It's not that I don't like his style, it's just that I don't like his contribution to More Life. I felt like there were some lyrics that were juvenile and kind of dumb, especially in "KMT," although he did bring diversity to the album and it was different from what Drake usually puts out.
Noisey: Tell me about the realisation that you and Giggs do not gel.
Jacob: On my first listen to More Life I came across the track "No Long Talk". I was really feeling the track and amped to see a feature from this dude Giggs who I'd never heard of. When his verse came on, I was so confused as to what I was listening to. This was my same reaction to the song "KMT." Drake is held to a higher standard in the rap community, and Giggs was not up to that standard.
What specifically is it about him?
Specifically, his flow is wack. It doesn't go with the beats he's on. His mixing engineer did an awful job with his vocals, and he's got some weak bars.
What bars would you say are weak?
This is one of many that stand out to me … it's NOT a bar in any way, it's straight garbage: "I've got bitches in the Merky, swervin', lookin' all curvy/ And you already know that I love them breasts, lookin' all perky."
Do you think this a Giggs thing or a UK rap thing?
Well, Skepta is one of the best rappers coming out the UK. Ever since I heard him hop on the Flatbush Zombies track "Red Eye to Paris" I became an immediate fan. Giggs doesn't have the flow or wordplay to be even be compared to Skepta.
Noisey: Why are you not into Giggs, Juan?!
Juan: His style just sounds like talking on a beat. It was a very bad choice. It didn't really help Drake or help Giggs as an artist because both of his features on the project were mediocre.
Maybe that's just the UK style though...
I like Tinie Tempah from London. Not feeling Giggs at all. Probably never will either. But there is really no big difference between UK and US artists. Everyone can be great, it just takes time and a lot of practice. It doesn't matter where you come from. Just make good quality music. It's that simple.
Noisey: What's your problem with Giggs, Jade?
Jade: When I first heard Giggs I was initially very curious. Lately Drake has been throwing in a ton of different cultures into his work. I'm OK with being exposed to other expressions of rap and hip-hop. However, Giggs kind of made me giggle. It's probably me not being use to the British accent in a rapping format. Rap and hip-hop often take on a very hardcore tone in the States, but to my untrained ears the British accent doesn't give me that vibe.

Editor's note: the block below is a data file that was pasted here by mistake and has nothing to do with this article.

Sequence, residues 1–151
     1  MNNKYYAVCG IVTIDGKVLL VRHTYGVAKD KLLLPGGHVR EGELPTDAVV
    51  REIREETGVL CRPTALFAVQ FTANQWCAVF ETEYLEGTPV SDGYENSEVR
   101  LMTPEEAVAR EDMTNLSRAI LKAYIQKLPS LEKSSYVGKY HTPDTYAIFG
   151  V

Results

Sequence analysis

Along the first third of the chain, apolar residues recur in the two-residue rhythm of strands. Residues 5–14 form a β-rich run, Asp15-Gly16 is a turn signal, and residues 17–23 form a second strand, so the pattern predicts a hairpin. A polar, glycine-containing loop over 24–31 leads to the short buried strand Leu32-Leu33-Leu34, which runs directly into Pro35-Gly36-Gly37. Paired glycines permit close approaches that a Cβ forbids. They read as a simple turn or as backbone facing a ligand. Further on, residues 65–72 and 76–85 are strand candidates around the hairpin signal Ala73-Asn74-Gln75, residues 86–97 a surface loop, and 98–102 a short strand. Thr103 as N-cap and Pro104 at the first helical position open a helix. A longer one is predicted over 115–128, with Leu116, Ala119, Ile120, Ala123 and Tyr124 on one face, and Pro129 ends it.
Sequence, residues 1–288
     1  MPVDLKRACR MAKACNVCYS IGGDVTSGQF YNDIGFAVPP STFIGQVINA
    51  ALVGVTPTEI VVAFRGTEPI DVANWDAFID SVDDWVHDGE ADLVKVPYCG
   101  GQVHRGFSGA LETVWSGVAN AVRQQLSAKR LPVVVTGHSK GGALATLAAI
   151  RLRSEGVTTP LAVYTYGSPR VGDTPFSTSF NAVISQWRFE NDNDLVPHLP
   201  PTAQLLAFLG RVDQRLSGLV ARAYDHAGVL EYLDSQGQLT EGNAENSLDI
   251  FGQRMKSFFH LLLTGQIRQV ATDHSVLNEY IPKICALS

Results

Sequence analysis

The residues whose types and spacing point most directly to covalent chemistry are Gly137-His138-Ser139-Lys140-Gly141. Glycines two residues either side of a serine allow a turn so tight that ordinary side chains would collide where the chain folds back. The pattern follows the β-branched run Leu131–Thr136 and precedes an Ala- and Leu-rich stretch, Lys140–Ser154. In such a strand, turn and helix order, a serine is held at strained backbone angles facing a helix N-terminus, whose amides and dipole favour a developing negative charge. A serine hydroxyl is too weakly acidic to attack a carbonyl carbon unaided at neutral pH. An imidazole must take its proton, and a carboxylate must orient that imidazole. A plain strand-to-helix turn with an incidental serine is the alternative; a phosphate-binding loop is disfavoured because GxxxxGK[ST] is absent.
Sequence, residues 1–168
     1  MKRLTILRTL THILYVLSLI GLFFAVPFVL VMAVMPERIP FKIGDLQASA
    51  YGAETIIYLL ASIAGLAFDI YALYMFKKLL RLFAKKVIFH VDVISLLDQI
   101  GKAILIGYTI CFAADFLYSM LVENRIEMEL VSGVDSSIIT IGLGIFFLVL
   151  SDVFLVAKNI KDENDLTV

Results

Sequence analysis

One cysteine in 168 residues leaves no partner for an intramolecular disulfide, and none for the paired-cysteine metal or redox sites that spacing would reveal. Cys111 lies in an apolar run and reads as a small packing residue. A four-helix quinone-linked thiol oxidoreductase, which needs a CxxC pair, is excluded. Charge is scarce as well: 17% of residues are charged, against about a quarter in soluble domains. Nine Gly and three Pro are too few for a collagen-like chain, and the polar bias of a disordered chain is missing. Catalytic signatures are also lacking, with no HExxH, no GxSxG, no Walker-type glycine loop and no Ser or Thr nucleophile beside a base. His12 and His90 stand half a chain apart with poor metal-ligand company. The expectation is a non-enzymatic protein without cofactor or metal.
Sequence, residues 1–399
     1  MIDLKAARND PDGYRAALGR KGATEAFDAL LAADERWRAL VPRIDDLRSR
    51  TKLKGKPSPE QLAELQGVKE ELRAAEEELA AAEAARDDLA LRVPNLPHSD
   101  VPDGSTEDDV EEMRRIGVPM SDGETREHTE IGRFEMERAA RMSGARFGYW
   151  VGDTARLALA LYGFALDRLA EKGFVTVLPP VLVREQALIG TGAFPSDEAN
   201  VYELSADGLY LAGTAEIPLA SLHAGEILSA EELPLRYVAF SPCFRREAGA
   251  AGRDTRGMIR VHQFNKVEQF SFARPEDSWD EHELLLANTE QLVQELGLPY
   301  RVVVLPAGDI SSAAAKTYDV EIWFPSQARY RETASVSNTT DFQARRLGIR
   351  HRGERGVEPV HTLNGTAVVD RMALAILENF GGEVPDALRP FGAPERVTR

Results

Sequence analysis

I mean, that's fair enough...
I also don't really know the point Giggs was trying to make in his verses. That's fine because we all know plenty of American rappers who don't rap about anything at all (read: Desiigner and Young Thug). However, because I lack the cultural understanding of British slang/norms, Giggs' lyrics just fell flat for me... I'm not saying he's a "bad" artist. He might be the shit in the UK, but he just didn't do it for me.
Noisey: What's your beef with Giggs?
Nelson: The first time I heard him, I thought, 'Who the hell is this guy?' His speech pattern confused me, and I found it annoying that on one of the tracks he kept saying, "a – su – en". At first I thought it was fire, and then his lyrics just stopped making sense and his rhyme scheme was all over the place.
Do you not think he was a good choice then? He's pretty well-loved over here.
It was a bad choice—another artist would have done a better job.
Do you think it's a UK thing? What's the difference between UK and US rappers in general?
American rappers are a lot more violent and explicit and people don't think of UK people being violent. The police there can't even use a gun, so by nature, people just think of them all as soft.
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(Lead image via YouTube)